UPS & Teamsters Avert Strike With Tentative New Labor Agreement





UPS and the Teamsters have reached a tentative agreement on a new contract that staves off what could have been an historic strike. UPS is one of the backbones of what is becoming a digital shopping world. Now these packages will continue to flow, according to a press release from the Teamsters.

The new contract, which will still need to be ratified by the 340,000-plus UPS employees in the union, will keep employees working for the next five years.

The near-strike comes amid a wider reckoning as a number of large companies face disgruntled employees seeking better pay and benefits as they wrestle with inflation boosting the cost of living. The most high-profile example are the actors and writers’ unions, which have sent celebrities on the picket lines to seek more benefits and pay from the studios.

While those strikes will have a longer term impact on what we watch, a UPS strike would’ve had an immediate effect on the things we get.

“Teamster labor moves America. The union went into this fight committed to winning for our members. We demanded the best contract in the history of UPS, and we got it,” Teamsters General President Sean M. O’Brien said in the release. “UPS has put $30 billion in new money on the table as a direct result of these negotiations. We’ve changed the game, battling it out day and night to make sure our members won an agreement that pays strong wages, rewards their labor, and doesn’t require a single concession. This contract sets a new standard in the labor movement and raises the bar for all workers.”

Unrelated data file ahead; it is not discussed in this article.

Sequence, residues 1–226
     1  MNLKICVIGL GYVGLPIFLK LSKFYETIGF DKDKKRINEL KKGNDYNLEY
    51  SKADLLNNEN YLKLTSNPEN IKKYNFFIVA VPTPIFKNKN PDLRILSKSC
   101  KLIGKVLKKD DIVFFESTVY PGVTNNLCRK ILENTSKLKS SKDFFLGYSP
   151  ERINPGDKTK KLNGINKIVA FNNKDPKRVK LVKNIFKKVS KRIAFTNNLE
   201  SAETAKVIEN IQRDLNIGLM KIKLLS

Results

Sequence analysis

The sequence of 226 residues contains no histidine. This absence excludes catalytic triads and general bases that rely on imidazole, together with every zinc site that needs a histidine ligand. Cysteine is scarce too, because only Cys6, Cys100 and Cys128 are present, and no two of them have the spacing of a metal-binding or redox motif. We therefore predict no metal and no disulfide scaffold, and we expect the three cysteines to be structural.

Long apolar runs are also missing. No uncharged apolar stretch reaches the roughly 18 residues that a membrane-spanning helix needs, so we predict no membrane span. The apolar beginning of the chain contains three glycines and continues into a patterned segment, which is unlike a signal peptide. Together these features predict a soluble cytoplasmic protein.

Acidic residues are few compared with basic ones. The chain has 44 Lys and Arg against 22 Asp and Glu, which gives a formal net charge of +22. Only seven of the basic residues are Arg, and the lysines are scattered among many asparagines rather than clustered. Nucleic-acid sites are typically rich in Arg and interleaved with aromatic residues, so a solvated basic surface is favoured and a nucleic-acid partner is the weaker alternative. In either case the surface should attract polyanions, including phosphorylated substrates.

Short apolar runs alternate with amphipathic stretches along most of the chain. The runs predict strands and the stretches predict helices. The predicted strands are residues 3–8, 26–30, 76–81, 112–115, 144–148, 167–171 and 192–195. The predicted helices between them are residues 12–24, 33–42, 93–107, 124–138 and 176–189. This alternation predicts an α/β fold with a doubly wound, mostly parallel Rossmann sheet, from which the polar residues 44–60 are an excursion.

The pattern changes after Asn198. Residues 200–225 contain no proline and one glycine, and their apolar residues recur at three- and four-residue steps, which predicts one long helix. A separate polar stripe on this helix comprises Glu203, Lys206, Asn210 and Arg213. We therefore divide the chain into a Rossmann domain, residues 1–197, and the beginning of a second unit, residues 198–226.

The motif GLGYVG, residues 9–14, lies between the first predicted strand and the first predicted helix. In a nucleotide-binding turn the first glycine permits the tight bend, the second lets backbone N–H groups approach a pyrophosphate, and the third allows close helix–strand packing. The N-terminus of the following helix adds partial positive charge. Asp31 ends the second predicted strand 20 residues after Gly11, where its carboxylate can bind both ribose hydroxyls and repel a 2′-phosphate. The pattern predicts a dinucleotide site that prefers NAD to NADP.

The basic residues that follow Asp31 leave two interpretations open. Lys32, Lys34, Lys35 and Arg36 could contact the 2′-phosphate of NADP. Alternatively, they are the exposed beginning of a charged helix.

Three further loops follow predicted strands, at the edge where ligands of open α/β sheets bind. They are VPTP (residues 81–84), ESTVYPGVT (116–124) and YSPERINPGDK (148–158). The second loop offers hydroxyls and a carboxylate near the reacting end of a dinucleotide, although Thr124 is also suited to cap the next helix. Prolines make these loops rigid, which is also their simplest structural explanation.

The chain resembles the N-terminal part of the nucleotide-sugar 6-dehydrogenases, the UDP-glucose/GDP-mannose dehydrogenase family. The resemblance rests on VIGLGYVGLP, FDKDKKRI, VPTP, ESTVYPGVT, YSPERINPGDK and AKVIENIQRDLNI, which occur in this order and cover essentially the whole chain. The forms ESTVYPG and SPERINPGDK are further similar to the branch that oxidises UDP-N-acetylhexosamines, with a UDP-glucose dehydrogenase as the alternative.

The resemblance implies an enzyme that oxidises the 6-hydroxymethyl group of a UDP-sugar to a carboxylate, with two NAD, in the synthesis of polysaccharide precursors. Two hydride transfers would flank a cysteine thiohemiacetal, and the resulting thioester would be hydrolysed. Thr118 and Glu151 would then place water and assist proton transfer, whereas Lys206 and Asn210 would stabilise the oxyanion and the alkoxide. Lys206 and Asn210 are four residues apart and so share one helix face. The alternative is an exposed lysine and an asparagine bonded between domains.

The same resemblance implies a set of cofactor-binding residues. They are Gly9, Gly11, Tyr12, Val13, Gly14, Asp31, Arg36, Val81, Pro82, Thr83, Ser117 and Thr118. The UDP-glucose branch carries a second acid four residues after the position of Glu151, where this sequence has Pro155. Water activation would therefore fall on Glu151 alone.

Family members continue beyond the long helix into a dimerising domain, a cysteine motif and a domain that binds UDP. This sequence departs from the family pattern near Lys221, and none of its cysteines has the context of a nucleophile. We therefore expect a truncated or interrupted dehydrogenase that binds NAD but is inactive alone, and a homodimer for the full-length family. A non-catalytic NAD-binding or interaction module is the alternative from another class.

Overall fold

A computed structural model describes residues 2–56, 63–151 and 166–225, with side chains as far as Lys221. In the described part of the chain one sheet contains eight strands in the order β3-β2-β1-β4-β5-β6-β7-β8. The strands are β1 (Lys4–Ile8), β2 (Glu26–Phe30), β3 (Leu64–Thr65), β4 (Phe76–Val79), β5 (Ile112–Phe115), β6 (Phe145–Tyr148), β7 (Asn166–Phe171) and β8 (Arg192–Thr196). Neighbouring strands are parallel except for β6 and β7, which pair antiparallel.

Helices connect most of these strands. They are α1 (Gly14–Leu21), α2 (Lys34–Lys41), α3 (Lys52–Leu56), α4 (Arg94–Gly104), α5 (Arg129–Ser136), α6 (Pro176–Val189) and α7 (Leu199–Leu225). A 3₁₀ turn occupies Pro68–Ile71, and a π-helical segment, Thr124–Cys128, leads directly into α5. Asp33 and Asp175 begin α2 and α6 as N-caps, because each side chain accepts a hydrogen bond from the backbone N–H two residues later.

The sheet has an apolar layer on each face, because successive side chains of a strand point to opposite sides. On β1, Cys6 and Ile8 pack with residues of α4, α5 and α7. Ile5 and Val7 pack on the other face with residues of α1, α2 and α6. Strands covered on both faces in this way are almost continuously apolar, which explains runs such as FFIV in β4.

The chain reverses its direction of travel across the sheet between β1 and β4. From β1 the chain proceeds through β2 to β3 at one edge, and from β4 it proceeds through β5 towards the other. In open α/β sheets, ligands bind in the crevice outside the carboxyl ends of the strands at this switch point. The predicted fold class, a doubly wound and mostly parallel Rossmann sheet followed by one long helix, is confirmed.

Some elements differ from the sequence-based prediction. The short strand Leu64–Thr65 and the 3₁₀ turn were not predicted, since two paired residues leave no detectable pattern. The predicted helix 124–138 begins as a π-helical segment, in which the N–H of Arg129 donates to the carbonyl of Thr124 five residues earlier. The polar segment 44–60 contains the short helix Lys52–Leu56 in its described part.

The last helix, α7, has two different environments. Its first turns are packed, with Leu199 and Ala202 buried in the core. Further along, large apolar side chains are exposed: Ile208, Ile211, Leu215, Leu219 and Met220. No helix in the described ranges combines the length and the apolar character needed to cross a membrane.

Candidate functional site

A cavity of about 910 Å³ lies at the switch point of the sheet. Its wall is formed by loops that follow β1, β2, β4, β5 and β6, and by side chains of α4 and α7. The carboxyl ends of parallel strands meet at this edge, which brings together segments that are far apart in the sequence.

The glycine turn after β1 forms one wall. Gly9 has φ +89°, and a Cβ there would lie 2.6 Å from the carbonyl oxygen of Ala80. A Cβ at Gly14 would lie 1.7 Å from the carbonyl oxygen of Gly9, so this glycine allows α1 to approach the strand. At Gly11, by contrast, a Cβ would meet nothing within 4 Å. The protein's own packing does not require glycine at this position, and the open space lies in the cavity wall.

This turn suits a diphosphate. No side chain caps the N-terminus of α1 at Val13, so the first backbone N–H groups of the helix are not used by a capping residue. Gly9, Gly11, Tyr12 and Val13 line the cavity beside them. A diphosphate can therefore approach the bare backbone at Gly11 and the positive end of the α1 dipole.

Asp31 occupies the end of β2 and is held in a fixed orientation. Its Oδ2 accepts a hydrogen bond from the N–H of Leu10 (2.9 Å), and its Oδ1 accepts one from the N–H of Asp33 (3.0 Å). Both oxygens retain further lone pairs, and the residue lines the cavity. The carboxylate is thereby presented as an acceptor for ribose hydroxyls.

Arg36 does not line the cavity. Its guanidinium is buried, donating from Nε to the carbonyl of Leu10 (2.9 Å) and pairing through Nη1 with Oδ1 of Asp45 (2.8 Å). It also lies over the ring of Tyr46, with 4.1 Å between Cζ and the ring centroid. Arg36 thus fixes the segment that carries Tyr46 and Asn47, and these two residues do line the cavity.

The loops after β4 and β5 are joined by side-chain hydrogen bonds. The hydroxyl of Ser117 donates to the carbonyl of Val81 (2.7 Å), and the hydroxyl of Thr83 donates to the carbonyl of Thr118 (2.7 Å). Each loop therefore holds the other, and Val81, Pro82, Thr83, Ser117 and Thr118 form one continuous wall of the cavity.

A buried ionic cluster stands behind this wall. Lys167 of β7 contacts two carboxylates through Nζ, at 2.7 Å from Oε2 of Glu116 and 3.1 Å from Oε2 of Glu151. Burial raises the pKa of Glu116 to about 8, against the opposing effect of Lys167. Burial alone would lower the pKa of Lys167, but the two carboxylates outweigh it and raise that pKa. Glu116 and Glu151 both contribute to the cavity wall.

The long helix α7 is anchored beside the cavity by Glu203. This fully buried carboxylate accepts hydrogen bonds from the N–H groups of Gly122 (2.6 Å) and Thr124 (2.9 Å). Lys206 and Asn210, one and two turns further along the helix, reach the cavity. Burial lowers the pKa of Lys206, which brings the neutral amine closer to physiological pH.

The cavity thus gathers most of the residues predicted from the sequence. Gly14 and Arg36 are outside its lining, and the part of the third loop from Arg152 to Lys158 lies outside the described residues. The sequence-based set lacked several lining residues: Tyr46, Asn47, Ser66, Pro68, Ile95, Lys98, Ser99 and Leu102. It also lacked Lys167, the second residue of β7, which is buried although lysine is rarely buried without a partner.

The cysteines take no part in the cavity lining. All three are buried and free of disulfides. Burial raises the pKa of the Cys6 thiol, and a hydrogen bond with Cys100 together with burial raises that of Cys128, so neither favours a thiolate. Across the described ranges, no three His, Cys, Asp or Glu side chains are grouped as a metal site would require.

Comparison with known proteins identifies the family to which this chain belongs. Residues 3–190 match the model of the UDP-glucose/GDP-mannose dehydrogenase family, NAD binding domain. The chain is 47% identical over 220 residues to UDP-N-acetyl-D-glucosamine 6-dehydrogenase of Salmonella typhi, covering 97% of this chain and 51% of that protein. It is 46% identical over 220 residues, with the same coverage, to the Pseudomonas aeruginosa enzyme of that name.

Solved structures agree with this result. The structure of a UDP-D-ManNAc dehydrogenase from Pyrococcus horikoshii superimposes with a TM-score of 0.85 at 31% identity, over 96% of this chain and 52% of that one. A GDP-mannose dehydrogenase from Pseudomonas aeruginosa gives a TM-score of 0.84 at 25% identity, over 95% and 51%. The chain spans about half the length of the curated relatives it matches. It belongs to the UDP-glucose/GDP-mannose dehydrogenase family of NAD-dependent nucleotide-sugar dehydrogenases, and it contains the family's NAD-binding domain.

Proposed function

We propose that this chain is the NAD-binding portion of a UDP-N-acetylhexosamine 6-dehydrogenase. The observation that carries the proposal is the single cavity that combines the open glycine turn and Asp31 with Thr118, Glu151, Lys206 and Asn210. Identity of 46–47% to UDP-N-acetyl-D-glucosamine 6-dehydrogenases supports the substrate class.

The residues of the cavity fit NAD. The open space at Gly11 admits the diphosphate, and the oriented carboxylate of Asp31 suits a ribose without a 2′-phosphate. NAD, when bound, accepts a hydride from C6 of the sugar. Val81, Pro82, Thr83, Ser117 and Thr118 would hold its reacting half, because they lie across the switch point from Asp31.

UPS, for its part, could ill afford a work stoppage.

“Together we reached a win-win-win agreement on the issues that are important to Teamsters leadership, our employees and to UPS and our customers,” said Carol Tomé, UPS chief executive officer. “This agreement continues to reward UPS’s full- and part-time employees with industry-leading pay and benefits while retaining the flexibility we need to stay competitive, serve our customers and keep our business strong.”

“Rank-and-file members served on the committee for the first time, so we got to show up every day to support our fellow Teamsters and share their stories,” said Brandy Harris, a part-time UPS Teamster with Local 174 in Seattle and a member of the Teamsters National Negotiating Committee. “Our hard work has paid off — from those members and leaders negotiating for more at the table to my sisters and brothers building a credible strike threat around the country. Our union was organized and we were relentless. We’ve hit every goal that UPS Teamster members wanted and asked for with this agreement. It’s a ‘yes’ vote for the most historic contract we’ve ever had.”

Under the new contract, UPS workers will see $2.75 more per hour this year, with a raise of $7.50 per hour over the length of the contract. The Teamsters notes that UPS drivers will be the highest paid delivery drivers in the nation, with an average top rate of $49 per hour.

The Teamsters representatives will meet on July 31 to formally recommend the agreement, and voting takes place between Aug. 3 and Aug. 22.

UPS declined to comment beyond the statement provided.

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